General Diet Plans and Questions - Natural Trim by Starlight




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rlwiggins400
02-24-2001, 03:11 AM
Has anyone tried this product? Just wondering if there were any good results out there.


THE BIG ORANGE BABE
02-24-2001, 10:55 PM
Hello,
I have many friends who use this company product and have great success. They have a product called FAT FREE which works just like Zenical. (MUCH CHEAPER TOO)
They now have a Natural Trim product without
ephedra (sp?)
Please be careful using the NATURAL PRODUCTS.
There are so many out there that DON'T MIX with some medications that we take. They can be DOWNRIGHT dangerous..so ask before taking.
GOOD LUCK

nothingworks
02-25-2001, 02:27 PM
Look at the age of the company and see how many complaints they have had because of their products. Also check with the BBB of where they are located. Find out what standards are used to manufacture and if made in food grade or pharmacuetical grade as there is a difference. One is regulated by the Dept of Agriculture and the other is regulated by the Food & Drug Administration. Herbal supplements as a rule are not regulated, they are only taken off the market if enough people file and Adverse Reaction Event which can be found on the FDA's web site. Ironically, those with asthma preffer ephedra base products over their inhalors because it opens up the blook vessels after getting used to it.


kd580
11-23-2001, 06:52 PM
Diet drug caused fatal car accident: lawsuit
Last Updated: Thu Nov 22 14:23:41 2001
TORONTO - A diet drug is at the centre of a lawsuit that killed two Vancouver teenagers. The woman who caused the accident and the parents of the victims, are suing the makers of Xenadrine. They're arguing the drug can cause psychotic episodes.

LINKS: Websites related to this story

In May 1998, Kimberly Brooks and Monique Ishikawa were killed when their car was rear-ended and then burst into flames. Julia Campagna was charged with manslaughter but a judge ruled in 1999 that she was not criminally responsible by reason of mental illness.
'You're, in essence, making a speed cocktail.'

STREET CENTS: The skinny on fat burning supplements

Campagna's lawyers argued the herbal weight loss supplement Xenadrine made her psychotic. Campagna says she was delusional at the time of the accident.

Xenadrine is the most popular diet drug in the U.S. It is often used by weightlifters. Xenadrine is not approved for use in Canada, however people have been able to order it online or get it from illegal distributors.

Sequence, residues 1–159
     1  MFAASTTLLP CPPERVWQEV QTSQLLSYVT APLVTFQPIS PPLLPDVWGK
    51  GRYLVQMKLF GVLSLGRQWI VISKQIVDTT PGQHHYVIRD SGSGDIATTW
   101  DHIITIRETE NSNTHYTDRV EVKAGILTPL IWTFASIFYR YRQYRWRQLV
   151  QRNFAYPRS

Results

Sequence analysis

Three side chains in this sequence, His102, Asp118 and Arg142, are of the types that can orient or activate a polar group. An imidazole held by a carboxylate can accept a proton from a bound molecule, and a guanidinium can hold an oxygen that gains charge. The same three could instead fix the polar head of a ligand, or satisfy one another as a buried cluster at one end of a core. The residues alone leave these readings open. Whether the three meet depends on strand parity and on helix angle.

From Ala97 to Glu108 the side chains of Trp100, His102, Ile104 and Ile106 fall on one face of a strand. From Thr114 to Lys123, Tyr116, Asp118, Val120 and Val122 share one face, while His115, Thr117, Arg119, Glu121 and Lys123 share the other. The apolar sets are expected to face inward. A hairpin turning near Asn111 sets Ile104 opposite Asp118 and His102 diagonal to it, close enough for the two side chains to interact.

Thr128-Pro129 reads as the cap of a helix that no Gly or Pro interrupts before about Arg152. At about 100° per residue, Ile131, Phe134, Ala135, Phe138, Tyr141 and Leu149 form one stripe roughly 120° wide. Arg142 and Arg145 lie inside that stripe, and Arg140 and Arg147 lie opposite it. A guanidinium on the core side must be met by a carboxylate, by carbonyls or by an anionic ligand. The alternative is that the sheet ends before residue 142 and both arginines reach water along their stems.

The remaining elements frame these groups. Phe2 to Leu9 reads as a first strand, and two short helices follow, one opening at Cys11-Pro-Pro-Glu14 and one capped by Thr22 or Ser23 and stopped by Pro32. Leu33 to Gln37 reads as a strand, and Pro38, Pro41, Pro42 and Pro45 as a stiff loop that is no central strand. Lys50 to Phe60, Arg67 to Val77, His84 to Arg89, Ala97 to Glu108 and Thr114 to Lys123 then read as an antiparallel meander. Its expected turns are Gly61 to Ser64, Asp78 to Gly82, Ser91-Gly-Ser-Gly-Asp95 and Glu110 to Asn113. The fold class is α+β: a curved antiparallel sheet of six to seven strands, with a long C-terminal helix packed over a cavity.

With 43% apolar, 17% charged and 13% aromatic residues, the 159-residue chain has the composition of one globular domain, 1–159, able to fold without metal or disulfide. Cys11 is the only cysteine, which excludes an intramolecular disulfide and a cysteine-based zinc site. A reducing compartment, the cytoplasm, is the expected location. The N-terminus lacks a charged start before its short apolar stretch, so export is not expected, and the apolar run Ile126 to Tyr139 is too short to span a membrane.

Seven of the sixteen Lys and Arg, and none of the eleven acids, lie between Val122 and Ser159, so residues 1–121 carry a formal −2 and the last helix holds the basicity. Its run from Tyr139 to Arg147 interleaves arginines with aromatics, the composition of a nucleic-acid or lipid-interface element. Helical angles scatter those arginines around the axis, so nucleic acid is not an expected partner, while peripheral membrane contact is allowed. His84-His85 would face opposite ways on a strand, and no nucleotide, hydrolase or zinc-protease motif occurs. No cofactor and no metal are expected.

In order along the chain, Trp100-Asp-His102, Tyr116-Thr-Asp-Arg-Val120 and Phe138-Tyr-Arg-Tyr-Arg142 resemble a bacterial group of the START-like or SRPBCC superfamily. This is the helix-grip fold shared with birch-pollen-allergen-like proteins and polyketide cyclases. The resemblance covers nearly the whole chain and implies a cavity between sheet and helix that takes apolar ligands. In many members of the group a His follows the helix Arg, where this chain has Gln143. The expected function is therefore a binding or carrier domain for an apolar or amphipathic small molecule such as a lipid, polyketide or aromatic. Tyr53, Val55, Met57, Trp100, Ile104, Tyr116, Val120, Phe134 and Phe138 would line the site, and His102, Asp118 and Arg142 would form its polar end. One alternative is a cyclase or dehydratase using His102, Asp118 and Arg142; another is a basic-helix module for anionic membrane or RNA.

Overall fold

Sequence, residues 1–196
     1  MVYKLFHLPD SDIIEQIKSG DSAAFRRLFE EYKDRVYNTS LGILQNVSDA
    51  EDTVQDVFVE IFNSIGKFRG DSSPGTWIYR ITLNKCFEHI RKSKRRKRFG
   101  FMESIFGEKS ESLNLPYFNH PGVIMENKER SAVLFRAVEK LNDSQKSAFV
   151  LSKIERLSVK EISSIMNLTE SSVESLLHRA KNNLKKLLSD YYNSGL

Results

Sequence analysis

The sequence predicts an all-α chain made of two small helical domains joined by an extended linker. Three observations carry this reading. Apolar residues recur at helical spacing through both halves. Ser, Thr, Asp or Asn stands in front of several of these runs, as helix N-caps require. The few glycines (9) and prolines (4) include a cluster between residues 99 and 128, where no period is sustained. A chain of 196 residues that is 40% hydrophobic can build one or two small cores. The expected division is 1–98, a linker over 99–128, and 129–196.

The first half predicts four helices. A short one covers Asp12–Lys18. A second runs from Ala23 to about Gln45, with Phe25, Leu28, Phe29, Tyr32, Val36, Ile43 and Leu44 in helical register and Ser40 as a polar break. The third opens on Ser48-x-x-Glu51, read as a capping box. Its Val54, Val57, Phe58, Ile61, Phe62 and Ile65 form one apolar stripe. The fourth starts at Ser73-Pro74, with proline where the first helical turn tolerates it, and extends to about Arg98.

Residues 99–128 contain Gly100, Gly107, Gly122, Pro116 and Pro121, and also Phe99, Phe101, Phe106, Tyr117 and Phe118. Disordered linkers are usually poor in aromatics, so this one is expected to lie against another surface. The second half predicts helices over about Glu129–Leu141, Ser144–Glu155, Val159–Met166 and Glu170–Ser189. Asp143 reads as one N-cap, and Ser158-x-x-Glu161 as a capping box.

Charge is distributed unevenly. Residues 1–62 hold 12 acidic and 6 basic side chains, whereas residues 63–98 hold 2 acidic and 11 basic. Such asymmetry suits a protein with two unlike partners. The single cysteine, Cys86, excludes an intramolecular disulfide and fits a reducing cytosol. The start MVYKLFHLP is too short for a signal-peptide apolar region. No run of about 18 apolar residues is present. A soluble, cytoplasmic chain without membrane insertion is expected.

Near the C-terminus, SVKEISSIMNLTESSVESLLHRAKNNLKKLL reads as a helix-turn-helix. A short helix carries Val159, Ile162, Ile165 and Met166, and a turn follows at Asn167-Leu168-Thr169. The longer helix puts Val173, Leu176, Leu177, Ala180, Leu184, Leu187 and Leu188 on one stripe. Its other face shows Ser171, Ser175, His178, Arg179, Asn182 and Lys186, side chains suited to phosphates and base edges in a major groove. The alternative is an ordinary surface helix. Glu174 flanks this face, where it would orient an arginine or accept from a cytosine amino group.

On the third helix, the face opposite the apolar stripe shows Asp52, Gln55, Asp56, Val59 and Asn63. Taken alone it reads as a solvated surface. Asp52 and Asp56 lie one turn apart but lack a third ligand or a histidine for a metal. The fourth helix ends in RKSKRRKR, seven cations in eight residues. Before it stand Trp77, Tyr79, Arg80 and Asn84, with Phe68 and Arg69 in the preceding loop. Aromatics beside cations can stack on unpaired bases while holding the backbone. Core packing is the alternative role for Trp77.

Xenadrine is made from a combination of ephedrine, caffeine and aspirin.

Since 1993, at least 60 adverse reactions have been reported in Canada, including two suicides which may not be linked to the supplement. In the U.S., the Food and Drug Administration has gathered 80 reports of deaths linked to ephedra products.


RELATED STORY: Potentially dangerous drug on store shelves

Ephedra is available in Canada but only as nasal decongestant.

Health Canada issued a warning in June advising Canadians not to take any dietary supplements containing ephedra. The concern is over ephedra mixed with caffeine. Many of the supplements include caffeine as an ingredient.

Adverse effects include dizziness, tremors, headaches and irregularities in heart rate, seizures, psychosis, heart attacks, and stroke.

"We believe that when you take an ephedra-based product, mix it with some other…chemical like caffeine…you're, in essence, making a speed cocktail," says Mark Scheer, a lawyer representing the families.

'A safe natural product'

The company, Cytodyne, denies the product causes pyschosis. The product label warns "do not use if you are at risk or being treated for psychiatric disease."

The label on Xenadrine also warns against taking the supplement if you are at risk for, or being treated for, 14 ailments including high blood pressure, liver problems, diabetes, anxiety, depression, stroke or thyroid problems.

Ephedra's Other Names


Chinese Ephedra
ma huang
Ephedra Sinica
Ephedra herb power
Sida Cordifolia
epitonin

Ephedra products have come under increasing scrutiny as other victims file lawsuits. Pat and Harold Givens are suing the makers of "Youngevity Fat Metabolizer" because they say it caused their daughter's stroke.

April Givens died from a brain hemorrhage at 21. She was trying to lose five pounds.

"They advertised this as a safe natural product without giving you any clue that if you're a healthy normal person that there is a danger," says Pat Givens.

Givens says her daughter followed instructions and took the correct dosage.

The ephedra industry has fought back. Several groups, which represent manufacturers and sellers of ephedra products, recently issued a news release saying their products are safe. The group cited 20 studies to prove its point.

But one study, funded by the industry, did raise concerns. A St. Lukes-Roosevelt Hospital study in New York examined 35 healthy people who took ephedra. Eight dropped out because of side effects such as heart palpitations, chest pains and high blood pressure.

"There are people who shouldn't take it," says Dr. John Cardellina, an industry spokesperson. "But there is a significant portion of the population that can benefit from the use of ephedra as long as they follow the guidance for the products."


Written by CBC News Online staff





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